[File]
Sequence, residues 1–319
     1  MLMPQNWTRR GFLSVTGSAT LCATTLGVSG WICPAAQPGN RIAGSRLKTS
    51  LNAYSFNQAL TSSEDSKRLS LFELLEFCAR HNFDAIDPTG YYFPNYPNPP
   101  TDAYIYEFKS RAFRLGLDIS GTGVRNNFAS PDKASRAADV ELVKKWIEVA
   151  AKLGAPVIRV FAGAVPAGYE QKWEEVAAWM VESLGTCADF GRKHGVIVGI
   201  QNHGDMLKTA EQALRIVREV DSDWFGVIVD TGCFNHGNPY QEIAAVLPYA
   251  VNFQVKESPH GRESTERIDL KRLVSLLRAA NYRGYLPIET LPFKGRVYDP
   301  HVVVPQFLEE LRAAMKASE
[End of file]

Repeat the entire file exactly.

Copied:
Sequence, residues 1–319
     1  MLMPQNWTRR GFLSVTGSAT LCATTLGVSG WICPAAQPGN RIAGSRLKTS
    51  LNAYSFNQAL TSSEDSKRLS LFELLEFCAR HNFDAIDPTG YYFPNYPNPP
   101  TDAYIYEFKS RAFRLGLDIS GTGVRNNFAS PDKASRAADV ELVKKWIEVA
   151  AKLGAPVIRV FAGAVPAGYE QKWEEVAAWM VESLGTCADF GRKHGVIVGI
   201  QNHGDMLKTA EQALRIVREV DSDWFGVIVD TGCFNHGNPY QEIAAVLPYA
   251  VNFQVKESPH GRESTERIDL KRLVSLLRAA NYRGYLPIET LPFKGRVYDP
   301  HVVVPQFLEE LRAAMKASE